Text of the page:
With the much-heralded Fourth Industrial Revolution upon us, companies the world over are clamoring to develop and implement artificial intelligence (AI) solutions.
Arriving last year at Abu Dhabi’s Hub71, tech startup neurobotX is tackling the AI conundrum in an interesting manner: by bridging the seemingly disparate fields of neurobiology and AI/robotics, and thus creating a computational algorithm that is closer to human thinking than existing models.
“I am a neuroscientist by training,” Diana Deca, the founder of neurobotX, told us. “For the past decade, I have been trying to understand how a neuron works, and I thought: ‘Well, if we can understand how a single neuron works, then maybe we can build better [computer] algorithms that are inspired by the brain and that are more energy-efficient and better at computing information.’”
Deca also holds a BA in Theoretical Philosophy and Logic, which she said is a “very useful combination” for an AI scientist to have.
“This is also why I am approaching the field of AI and robotics from a novel perspective, which is that of deep neurophysiological insights,” she noted. “On the output side, we know that we are more advanced than current AI and robots. We can run thousands of complex operations in parallel, create new concepts, and self-reflect using the same amount of energy as a light bulb. We just need to find [the elements] that we need to emulate in order to endow those algorithms with our capabilities. And I’m very excited about making this a reality.”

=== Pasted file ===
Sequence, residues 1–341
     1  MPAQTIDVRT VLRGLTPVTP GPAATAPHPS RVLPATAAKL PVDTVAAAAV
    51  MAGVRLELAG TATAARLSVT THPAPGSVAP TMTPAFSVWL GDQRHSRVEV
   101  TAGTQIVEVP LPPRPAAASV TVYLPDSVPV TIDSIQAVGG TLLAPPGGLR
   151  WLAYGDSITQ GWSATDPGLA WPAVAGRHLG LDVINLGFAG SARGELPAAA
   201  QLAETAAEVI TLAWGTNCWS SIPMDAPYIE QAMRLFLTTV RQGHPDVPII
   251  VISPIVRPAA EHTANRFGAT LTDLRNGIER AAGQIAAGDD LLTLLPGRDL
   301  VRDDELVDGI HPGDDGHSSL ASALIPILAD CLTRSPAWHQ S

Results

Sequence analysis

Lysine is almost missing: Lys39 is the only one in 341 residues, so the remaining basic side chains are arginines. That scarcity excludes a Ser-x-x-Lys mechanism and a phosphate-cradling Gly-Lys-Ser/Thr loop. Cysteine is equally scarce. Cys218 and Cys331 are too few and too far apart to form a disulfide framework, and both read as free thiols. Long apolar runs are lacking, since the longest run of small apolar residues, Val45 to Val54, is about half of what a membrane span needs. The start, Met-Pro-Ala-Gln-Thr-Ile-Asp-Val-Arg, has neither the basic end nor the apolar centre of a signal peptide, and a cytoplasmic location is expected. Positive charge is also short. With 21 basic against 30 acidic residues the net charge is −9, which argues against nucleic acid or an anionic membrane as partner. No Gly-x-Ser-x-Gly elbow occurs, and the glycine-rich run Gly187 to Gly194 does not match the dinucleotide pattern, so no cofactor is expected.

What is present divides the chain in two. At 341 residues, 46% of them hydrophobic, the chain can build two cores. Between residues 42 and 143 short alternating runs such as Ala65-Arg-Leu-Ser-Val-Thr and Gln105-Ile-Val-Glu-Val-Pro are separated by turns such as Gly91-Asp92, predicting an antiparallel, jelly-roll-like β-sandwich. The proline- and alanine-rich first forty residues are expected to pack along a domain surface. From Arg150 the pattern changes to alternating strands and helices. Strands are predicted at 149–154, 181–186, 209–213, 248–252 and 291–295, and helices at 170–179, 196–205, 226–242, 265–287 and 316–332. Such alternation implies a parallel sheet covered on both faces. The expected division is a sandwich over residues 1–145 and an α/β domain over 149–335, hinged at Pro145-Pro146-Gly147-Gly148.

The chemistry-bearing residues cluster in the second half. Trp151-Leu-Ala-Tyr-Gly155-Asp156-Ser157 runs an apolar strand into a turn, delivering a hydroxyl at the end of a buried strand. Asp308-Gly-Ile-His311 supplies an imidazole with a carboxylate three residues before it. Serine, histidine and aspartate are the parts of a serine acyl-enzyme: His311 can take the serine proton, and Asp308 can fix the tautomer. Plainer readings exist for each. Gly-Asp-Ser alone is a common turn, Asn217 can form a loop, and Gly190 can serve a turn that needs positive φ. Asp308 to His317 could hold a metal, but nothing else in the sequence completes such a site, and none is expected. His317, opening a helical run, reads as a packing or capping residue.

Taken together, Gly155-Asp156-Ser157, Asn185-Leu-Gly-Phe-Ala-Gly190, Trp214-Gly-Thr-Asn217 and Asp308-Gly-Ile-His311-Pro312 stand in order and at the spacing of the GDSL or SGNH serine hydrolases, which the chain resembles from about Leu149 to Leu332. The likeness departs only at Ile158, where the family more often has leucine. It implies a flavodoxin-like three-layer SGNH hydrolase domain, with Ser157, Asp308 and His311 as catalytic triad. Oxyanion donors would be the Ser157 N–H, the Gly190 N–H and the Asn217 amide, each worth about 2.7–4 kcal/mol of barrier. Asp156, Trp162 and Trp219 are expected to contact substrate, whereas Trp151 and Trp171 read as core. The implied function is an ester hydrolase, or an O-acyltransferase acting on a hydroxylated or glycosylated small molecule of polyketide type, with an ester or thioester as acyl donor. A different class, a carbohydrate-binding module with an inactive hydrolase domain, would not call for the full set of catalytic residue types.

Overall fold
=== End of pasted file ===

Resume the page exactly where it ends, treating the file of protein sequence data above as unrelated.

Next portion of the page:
Developing fully autonomous solutions
Currently, neurobotX is developing brain-inspired neural networks and software for intelligent and energy-efficient navigation and mapping purposes, in the aerospace, defense, pharma, construction, and automotive fields.
Some of the company’s projects include working on the development of fully autonomous software for vehicles that is efficient in its analysis of the physical space, circumventing the need for expensive tech like LiDAR sensors, which are used in most self-driving vehicles being developed today.
Deca explained that while LiDAR technology can add up to $100,000 per vehicle, the cost of their solution is in the range of $5000 per vehicle, demonstrating that brain-inspired technology is not just interesting, but also cost-efficient.